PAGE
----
Illinois electric utility publishes online map of potential solar capacity

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As the Illinois solar market grows from the Future Energy Jobs Act, the largest utility in the state has posted a planning tool to identify potential PV capacity in their service territory. ComEd, a Northern Illinois subsidiary of Exelon, has a hosting capacity website for its communities indicating how much photovoltaic capacity can be sited in given areas, based on the existing electrical infrastructure.

According to ComEd’s description, “Hosting Capacity is an estimate of the amount of DER [distributed energy resources] that may be accommodated under current configurations at the overall circuit level without significant system upgrades to address adverse impacts to power quality or reliability.” This website will enable developers and local decision makers to estimate how much solar could be installed by township, sections and fractions of sections as small as ½ mile by ½ mile. The map sections indicate potential capacity by AC kilowatts with a link to to ComEd’s recently upgraded Interconnection and Net Metering homepage.

The Hosting Map can provide insight into how much solar can be installed in which locations in order to help solar reach a significant portion of the Illinois Renewable Portfolio Standard (RPS) of 25% electricity from renewable sources by 2025. For example, the 18 sections of Oak Park Township capacity range from 612 to 909 kW, and total 13,260 kW of photovoltaic power. That could potentially generate around 20 million kWh. Oak Park, according to the PlanItGreen Report Card, a joint project of the Oak Park River Forest Community Foundation and Seven Generations Ahead, uses about 325 million kWh.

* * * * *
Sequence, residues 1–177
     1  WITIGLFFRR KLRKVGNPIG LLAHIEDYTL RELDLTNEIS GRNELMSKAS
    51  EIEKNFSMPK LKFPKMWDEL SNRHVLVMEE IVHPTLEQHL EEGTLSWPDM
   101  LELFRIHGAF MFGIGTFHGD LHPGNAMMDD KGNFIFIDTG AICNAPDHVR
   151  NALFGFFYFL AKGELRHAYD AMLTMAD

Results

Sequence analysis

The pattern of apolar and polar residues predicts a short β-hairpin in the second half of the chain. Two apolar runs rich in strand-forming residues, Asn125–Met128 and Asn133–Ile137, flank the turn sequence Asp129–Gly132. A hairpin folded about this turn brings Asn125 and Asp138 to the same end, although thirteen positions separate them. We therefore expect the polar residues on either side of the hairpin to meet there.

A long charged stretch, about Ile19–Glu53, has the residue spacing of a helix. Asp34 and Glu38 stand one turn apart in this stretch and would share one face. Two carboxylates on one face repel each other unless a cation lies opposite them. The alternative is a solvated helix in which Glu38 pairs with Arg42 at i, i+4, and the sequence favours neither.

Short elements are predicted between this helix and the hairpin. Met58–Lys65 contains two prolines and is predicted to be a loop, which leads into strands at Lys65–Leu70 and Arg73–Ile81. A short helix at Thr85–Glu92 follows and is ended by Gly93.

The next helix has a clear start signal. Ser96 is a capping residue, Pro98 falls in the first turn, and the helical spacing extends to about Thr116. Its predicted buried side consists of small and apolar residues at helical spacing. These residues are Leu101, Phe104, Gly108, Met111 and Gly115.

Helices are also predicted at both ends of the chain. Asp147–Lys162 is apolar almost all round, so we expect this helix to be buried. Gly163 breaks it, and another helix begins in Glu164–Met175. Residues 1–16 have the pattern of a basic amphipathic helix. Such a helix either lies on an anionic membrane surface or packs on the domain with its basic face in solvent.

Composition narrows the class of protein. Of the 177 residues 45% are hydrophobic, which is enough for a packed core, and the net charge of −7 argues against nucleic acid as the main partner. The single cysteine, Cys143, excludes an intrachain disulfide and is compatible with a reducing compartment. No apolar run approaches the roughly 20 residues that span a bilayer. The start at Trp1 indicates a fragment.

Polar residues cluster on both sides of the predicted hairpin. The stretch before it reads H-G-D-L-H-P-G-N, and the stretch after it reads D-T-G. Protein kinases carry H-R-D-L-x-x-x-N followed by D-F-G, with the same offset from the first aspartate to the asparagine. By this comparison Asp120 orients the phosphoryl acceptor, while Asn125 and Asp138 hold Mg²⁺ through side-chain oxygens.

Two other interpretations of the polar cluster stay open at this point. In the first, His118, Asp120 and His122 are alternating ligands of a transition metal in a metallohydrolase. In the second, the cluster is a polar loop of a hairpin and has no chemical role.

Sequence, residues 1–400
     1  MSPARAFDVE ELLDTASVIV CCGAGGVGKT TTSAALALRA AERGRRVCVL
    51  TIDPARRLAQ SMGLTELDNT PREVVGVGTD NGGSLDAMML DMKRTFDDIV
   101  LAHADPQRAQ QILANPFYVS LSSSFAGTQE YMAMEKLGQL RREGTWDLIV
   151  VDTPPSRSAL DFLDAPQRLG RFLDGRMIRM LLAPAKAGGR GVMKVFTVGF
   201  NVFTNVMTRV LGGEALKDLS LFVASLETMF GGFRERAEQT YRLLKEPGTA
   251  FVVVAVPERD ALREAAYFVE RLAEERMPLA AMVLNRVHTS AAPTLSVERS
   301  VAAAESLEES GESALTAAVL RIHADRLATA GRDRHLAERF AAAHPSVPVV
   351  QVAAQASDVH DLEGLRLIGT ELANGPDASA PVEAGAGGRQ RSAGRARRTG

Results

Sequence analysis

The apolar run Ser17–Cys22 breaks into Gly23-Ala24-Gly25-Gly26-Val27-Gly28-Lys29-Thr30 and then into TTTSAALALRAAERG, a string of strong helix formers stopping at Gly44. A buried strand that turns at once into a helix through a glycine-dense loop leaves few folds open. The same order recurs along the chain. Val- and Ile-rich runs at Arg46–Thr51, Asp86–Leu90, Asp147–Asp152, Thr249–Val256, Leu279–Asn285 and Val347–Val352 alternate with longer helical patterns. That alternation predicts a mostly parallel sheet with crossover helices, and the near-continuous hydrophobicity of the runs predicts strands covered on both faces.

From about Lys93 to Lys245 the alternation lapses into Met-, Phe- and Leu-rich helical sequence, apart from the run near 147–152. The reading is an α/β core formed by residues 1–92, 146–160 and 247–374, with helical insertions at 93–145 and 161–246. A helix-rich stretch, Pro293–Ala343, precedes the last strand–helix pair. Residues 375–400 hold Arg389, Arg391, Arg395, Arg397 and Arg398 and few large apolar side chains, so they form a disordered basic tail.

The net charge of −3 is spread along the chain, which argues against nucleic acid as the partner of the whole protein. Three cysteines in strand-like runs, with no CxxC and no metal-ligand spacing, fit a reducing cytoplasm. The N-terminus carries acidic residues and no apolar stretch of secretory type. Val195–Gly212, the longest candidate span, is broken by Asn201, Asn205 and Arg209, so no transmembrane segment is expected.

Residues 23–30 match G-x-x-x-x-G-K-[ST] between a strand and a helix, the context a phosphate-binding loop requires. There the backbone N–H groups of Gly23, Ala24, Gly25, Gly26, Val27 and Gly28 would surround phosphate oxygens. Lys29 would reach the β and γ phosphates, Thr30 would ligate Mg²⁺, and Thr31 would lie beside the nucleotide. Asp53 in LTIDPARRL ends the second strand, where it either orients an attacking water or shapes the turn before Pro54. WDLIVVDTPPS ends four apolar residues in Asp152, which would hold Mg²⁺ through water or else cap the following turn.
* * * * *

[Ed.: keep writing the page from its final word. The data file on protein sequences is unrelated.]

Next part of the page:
Based on ComEd’s Hosting Capacity, Oak Park could generate about 6% of its electricity from solar power located within its borders. Going significantly beyond this amount would likely require a combination of upgrades by ComEd’s infrastructure, potentially higher interconnection costs and deployment of technologies like energy storage. What this does indicate is that a densely populated community like Oak Park would most likely have to get the majority of its solar and renewable electricity from outside its boundaries to reach the statewide RPS goal of 25%. The Hosting Capacity Map shows a considerable disparity among communities in ½ mile by ½ mile sections with some able to host only 100-200 kWs to some with capacities of over 3,000 kW.

The writer thanks MeLena Hessel of the Environmental Law and Policy Center for her referral.